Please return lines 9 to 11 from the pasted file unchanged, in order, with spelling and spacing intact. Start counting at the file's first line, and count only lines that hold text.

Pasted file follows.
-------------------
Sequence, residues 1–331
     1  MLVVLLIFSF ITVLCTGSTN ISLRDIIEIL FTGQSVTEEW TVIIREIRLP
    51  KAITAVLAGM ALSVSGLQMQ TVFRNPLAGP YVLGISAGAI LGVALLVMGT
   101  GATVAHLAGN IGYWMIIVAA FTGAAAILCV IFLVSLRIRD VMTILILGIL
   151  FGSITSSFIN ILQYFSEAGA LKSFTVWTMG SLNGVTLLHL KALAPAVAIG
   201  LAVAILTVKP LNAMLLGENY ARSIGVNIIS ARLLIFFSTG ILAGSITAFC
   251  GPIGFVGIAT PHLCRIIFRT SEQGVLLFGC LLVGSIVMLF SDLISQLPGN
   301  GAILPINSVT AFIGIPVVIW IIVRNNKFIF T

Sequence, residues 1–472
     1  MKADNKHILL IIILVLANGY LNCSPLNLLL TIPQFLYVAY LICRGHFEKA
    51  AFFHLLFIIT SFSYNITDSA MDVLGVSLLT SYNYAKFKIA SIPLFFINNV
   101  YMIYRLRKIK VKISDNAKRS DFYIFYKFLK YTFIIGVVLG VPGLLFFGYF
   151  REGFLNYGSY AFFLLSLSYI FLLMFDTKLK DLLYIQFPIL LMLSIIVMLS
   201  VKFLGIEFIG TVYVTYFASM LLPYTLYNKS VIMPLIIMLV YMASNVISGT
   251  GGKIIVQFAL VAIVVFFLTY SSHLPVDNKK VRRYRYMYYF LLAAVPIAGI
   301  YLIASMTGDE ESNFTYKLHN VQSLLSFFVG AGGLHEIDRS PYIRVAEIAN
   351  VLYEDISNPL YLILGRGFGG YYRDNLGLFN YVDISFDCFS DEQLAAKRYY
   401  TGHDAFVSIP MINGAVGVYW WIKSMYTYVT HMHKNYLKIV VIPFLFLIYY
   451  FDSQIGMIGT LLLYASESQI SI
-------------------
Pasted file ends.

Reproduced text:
Sequence, residues 1–472
     1  MKADNKHILL IIILVLANGY LNCSPLNLLL TIPQFLYVAY LICRGHFEKA
    51  AFFHLLFIIT SFSYNITDSA MDVLGVSLLT SYNYAKFKIA SIPLFFINNV